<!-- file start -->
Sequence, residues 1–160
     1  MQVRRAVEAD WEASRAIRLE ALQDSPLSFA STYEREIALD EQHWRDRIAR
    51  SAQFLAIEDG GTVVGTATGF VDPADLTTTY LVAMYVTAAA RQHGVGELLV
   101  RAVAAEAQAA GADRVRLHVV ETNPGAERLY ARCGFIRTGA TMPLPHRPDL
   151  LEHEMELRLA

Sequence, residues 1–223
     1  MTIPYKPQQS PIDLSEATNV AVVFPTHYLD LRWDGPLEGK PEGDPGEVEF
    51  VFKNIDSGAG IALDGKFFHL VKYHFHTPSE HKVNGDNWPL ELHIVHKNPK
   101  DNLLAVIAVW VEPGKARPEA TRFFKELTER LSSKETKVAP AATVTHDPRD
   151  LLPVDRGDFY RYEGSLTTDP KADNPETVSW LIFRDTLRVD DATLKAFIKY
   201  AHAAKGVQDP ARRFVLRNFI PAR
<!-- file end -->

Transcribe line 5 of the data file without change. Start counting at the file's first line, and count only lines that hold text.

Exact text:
   151  LEHEMELRLA